‘Desperate Housewives’ writer says she experienced ‘overt racism’ from creator
Patty Lin details her time working for the “showrunner who was impossible to please” in her new memoir End Credits: How I Broke Up With Hollywood.
Much like living on Wisteria Lane, working on Desperate Housewives was not as idyllic as it may have appeared from the outside. Former TV writer Patty Lin claims that she experienced “overt racism” while working with creator Marc Cherry on the first season of the hit ABC drama.
She writes that she was already considering leaving Hollywood in 2004 when she read Cherry’s pilot script for Desperate Housewives, but that “the script won [her] over.” However, after joining the writers’ room for the first season, she discovered that, as the daughter of Taiwanese immigrant parents, she was the only person of color on the staff of 10 people.
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Lin recalls a “honeymoon period” where “the room felt surprisingly democratic,” but didn’t expect it to last. “Not with this many big personalities. The biggest was Marc’s,” she writes. “I had never encountered overt racism until I worked for him.”
During one lunch, she writes, the writers were discussing Margaret Cho’s short-lived sitcom All-American Girl about a Korean-American family. “Marc turned to me and said, ‘Patty, you should write a show like that,'” Lin writes. “I love Margaret Cho, but please don’t lump us together just because we’re both Asian women in show business.”
From there, Lin says things only got worse between her and Cherry. “As soon as Marc wrote the first episode after the pilot, it became obvious to me that he didn’t have a vision yet of what the show was going to be. This uncertainty, paired with his obsessive tendencies, amounted to a showrunner who was impossible to please. ‘No, that’s not it’ was his mantra. He rewrote even his own material with a maniacal drive … He was incapable of articulating what he wanted. It was maddening.”
Representatives for Cherry and ABC have not responded to EW’s requests for comment.
Lin goes on to describe how Cherry would miss deadlines and required his own “writing bungalow” in an “undisclosed location because he had a short attention span” and “keeping him in solitary was the only way to get this goose to lay any eggs.” She likened the writers’ room to a “Lord of the Flies situation,” as Cherry turned one pair of writers into his “loyal team” while giving the rest of the staff “busy work.”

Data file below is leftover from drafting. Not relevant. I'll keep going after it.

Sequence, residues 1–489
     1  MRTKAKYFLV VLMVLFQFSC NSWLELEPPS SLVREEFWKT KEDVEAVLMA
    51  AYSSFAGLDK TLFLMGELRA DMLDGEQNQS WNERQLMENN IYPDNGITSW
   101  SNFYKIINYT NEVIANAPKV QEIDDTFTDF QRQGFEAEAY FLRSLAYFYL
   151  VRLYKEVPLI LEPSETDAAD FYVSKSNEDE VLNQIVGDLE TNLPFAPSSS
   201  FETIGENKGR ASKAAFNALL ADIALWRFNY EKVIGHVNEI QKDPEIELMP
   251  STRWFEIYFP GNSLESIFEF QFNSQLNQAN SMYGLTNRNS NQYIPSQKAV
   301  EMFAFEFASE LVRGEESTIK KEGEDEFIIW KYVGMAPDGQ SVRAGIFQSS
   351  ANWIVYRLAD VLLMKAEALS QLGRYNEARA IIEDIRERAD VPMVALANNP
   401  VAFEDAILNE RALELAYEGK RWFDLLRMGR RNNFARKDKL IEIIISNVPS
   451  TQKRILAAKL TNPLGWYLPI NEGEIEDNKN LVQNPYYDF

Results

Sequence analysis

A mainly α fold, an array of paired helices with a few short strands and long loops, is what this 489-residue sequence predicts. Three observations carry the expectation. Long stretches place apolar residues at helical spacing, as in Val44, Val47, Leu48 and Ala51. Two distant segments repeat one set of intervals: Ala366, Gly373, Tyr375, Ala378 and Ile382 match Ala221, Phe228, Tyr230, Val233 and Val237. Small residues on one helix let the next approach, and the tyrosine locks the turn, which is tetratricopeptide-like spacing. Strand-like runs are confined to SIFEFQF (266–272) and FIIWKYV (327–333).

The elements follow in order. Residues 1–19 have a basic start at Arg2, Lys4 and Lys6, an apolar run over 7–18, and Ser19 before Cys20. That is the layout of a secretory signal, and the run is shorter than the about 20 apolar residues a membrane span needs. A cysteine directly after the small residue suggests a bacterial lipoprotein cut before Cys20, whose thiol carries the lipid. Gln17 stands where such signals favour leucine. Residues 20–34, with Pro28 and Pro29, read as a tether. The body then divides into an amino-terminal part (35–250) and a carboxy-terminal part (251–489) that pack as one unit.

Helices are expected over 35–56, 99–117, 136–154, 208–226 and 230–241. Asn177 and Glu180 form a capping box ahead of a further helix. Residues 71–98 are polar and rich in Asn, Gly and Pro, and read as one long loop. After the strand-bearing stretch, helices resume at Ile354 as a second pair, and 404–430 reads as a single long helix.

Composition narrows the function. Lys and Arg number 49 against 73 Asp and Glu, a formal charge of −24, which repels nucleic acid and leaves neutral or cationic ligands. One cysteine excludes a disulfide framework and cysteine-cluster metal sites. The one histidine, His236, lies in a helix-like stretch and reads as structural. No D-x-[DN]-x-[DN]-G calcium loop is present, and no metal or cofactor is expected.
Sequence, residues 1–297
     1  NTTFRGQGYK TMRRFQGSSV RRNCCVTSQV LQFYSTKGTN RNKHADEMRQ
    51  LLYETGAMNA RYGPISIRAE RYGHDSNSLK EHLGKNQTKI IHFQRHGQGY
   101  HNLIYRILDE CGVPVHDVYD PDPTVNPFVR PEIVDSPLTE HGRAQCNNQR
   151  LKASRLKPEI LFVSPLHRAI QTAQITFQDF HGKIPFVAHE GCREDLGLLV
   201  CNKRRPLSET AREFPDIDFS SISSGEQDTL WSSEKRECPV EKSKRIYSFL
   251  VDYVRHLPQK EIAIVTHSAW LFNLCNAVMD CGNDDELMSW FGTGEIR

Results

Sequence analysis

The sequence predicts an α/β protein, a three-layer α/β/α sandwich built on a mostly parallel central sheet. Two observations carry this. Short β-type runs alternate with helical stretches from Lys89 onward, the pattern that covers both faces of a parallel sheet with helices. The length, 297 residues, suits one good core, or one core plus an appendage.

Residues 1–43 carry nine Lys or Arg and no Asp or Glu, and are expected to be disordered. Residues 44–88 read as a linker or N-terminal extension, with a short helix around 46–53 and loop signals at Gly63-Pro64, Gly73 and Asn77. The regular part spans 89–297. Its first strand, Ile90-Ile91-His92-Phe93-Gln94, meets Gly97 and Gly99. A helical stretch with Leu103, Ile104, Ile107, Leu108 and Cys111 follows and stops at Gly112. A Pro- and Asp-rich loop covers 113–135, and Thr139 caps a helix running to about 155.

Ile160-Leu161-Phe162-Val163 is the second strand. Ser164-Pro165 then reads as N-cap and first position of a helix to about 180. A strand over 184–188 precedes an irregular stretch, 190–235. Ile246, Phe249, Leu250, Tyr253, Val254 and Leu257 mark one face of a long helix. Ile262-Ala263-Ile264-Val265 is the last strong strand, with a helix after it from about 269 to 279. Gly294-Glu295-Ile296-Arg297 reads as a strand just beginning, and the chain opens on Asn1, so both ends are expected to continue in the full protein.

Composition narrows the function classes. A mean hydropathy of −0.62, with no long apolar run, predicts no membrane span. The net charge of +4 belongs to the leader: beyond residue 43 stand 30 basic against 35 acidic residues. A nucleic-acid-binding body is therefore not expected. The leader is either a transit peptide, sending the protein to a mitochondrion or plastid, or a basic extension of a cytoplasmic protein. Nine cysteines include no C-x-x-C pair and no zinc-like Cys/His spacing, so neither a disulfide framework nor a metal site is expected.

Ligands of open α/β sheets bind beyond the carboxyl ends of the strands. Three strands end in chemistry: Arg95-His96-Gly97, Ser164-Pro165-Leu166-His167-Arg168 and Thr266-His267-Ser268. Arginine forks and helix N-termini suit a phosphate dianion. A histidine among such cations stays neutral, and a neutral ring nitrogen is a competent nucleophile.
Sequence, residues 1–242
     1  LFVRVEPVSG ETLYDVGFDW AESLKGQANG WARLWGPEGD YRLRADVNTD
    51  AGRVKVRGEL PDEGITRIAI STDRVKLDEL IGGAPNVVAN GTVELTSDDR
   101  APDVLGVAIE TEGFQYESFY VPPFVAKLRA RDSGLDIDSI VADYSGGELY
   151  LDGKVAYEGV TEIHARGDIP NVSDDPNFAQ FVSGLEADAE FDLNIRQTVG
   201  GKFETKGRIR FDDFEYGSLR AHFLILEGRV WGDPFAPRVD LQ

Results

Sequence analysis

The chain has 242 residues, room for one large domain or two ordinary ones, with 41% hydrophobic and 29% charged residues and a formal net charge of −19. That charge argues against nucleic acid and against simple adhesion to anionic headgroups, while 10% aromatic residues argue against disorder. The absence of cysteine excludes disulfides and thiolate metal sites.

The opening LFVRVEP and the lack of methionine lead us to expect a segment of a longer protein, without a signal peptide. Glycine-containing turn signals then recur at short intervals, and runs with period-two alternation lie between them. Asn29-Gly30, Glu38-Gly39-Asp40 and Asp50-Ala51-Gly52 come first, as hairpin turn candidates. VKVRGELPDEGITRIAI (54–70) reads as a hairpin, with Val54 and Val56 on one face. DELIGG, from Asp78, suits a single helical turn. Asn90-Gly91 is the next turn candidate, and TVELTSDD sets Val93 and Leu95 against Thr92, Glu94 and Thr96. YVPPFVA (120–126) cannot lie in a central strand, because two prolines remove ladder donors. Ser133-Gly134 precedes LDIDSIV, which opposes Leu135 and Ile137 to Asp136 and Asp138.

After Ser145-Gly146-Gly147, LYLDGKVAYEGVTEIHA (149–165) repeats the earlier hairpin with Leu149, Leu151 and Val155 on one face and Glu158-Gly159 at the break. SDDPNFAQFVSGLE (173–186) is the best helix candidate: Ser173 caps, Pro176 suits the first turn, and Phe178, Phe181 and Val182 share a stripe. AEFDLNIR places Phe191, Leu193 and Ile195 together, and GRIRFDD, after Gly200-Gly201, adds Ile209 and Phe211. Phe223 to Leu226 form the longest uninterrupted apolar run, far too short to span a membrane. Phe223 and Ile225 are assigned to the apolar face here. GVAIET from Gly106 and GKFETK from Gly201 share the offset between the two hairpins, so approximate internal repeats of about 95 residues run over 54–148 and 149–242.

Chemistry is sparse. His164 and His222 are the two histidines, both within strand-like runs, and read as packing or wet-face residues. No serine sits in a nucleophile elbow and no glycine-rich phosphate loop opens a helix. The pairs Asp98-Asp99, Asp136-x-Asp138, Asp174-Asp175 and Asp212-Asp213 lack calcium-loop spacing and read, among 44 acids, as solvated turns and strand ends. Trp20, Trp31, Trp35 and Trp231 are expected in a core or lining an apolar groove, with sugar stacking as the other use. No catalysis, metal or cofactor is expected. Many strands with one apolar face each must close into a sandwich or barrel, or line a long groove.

“With this wildly inefficient system, it’s a miracle that any episodes of Desperate Housewives ever got made,” writes Lin, who was let go when ABC picked up the back nine episodes of the first season. “The quality that had attracted me to the pilot — the dark humor — was lost in the slapdash, assembly-line approach to what was supposed to be a creative process. We were putting out schlock. The fact that it became the hottest show on TV, won multiple awards, ran for eight years, and earned more revenue than God still boggles my mind.”
Lin also reveals that while the writers weren’t barred from set, they didn’t feel welcome. “Usually we’d see the cast only at table reads, where we’d sit quietly in the back and try not to make eye contact with Teri Hatcher.”
Along with Hatcher, Desperate Housewives starred Felicity Huffman, Marcia Cross, and Eva Longoria as neighbors living on the fictional Wisteria Lane, as seen through the eyes of their neighbor who took her life by suicide in the premiere. It ran from 2004 to 2012.
Desperate Housewives (TV Show)
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